It’s an extremely windy day. The sun in blazing and the sky is as blue as the azure waters off the coast of St. Croix. I’m at the Patio Cigar Lounge (Open 24/7). The cigar you see me smoking is almost making me sick. It’s beyond full-bodied. But the flavor is too rambunctious for me to let it go. I feel in a daze. Stupefied with sensory overload.
Even the wind can’t break through this cigar’s bodacious bouquet. It swirls back to me mixing with nature. A robin is bathing and splashing cooling water sprinkles everywhere. No towel needed. I study the bird. It possesses the air of insouciance. What else is there to do?
Looking at two turtles in a photo I was sent, gives me more to ponder. Are they so slow due to the small legs? Or the heavy shell?
This cigar is making me nauseated. I need to toss it. But I don’t. There is that distinct flavor that I want to explore. What? Tree bark? Licorice? Powdered black pepper? Blackstrap molasses? All oozing out of each draw. A critic’s nightmare. It has a toothy wrapper. Each Lilliputian bump carries more of that flavor I want so badly. There’s only one way to get it, smoke the cigar – burst into those nodules of nature. Sacrificial. Do I allow my heart to continue to race? Apparently.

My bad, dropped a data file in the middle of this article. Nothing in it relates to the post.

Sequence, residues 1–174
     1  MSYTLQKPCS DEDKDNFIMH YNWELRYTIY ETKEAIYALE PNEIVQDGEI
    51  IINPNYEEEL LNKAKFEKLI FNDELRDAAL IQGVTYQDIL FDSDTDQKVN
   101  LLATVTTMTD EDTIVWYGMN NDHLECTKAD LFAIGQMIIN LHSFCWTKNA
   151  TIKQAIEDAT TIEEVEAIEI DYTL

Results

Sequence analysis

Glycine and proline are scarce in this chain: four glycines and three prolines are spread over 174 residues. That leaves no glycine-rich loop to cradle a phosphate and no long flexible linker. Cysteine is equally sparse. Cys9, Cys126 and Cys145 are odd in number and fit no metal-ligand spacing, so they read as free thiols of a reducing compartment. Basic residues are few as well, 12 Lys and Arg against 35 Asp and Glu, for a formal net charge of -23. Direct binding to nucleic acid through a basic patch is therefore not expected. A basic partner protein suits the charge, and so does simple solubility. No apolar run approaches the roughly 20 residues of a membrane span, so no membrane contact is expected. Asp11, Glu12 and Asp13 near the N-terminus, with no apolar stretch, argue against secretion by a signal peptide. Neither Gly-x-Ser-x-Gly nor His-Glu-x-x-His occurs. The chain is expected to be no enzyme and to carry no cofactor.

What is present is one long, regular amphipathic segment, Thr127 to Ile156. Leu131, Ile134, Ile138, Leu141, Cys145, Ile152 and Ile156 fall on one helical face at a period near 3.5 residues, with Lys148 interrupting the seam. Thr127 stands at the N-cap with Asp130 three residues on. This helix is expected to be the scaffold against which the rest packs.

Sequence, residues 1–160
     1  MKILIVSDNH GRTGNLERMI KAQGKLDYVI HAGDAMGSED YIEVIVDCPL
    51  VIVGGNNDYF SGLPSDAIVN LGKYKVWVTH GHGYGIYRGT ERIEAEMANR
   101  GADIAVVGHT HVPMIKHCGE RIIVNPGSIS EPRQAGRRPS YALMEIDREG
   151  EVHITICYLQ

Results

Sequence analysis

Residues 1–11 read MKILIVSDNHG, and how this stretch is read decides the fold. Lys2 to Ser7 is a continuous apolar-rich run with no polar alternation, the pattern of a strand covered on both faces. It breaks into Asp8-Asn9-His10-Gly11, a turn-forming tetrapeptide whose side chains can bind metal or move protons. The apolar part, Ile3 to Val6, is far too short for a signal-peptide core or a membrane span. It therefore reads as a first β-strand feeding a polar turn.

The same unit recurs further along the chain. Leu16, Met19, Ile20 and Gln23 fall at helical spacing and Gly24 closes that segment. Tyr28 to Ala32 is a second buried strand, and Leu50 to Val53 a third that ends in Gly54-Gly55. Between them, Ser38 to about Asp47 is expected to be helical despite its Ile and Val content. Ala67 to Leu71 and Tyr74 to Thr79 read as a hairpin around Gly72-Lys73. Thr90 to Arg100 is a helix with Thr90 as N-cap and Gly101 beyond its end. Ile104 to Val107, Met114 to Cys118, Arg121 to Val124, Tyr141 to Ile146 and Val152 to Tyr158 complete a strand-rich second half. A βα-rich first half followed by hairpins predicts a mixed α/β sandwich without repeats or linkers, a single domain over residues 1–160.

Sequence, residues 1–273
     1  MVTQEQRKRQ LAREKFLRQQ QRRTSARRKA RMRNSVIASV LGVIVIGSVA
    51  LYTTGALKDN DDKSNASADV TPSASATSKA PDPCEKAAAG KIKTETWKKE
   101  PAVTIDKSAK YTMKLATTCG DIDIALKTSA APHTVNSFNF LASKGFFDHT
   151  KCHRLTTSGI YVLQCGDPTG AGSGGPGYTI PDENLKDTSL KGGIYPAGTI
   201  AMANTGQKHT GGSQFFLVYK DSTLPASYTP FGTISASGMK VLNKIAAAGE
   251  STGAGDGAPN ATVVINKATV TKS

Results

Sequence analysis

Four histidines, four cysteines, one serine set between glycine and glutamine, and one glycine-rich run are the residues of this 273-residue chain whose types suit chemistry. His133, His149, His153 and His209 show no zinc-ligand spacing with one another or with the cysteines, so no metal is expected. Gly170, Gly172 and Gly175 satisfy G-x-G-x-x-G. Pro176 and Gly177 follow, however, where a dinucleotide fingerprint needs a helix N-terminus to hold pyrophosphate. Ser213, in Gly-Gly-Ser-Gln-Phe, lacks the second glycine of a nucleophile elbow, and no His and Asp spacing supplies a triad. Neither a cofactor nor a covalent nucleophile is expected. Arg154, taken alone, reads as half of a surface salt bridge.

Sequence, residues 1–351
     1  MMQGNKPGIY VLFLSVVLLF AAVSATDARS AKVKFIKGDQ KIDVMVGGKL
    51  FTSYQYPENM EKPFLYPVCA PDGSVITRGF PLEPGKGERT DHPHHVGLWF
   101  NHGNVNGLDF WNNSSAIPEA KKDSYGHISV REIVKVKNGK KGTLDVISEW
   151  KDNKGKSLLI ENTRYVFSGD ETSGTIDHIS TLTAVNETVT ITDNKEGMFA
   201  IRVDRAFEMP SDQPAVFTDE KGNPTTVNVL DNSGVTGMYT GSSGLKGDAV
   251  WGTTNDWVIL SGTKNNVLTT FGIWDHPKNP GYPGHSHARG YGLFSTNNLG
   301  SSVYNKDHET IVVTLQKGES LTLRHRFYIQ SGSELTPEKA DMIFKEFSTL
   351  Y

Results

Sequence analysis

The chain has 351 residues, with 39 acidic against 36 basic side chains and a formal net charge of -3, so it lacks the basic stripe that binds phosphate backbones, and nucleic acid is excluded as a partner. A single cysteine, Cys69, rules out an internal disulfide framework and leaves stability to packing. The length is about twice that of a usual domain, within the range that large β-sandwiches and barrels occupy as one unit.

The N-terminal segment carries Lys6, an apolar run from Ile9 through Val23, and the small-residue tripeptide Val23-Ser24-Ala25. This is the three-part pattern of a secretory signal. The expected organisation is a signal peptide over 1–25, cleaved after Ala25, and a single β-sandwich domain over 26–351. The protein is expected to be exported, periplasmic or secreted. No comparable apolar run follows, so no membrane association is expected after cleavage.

I’m stunned into contemplation.
Why the turtles? Turtle soup is soup or stews made from the flesh of the turtle. The dish exists in some cultures and is viewed as a luxury or delicacy. (Google) Bad thought? Musings. Maybe an ortolan would be a more acceptable delicacy? Barbarism both.
Is this cigar causing me to spin out? I move to another chair. Less sun. Under the swaying umbrella, the shading helps my nausea subside. Just a few more puffs? This is a luxury. Legal. My head is swimming. I drank all my Dew. A volatile mix? Perhaps.
Crow by Blackbird Cigar Company. Dominican. One size. Gran Toro. Closed end. Infinite flavors. My son’s band is practicing in the basement. Gig tonight. An added growling of aural sensations. A silent bash to the head. The Yardbirds (1963) smashed their guitars before The Who (1964). Holy mackerel. I take what’s left and toss it into the bushes.
I have to sit still. The wind continues to pummel the garden. Warm air, which weighs less than cold air, rises. Then cool air moves in and replaces the rising warm air. This movement of air is what makes the wind blow. (Google)
I have to get into the air conditioned house. I pick up my notes that had been held down by an ashtray. Ashes are everywhere.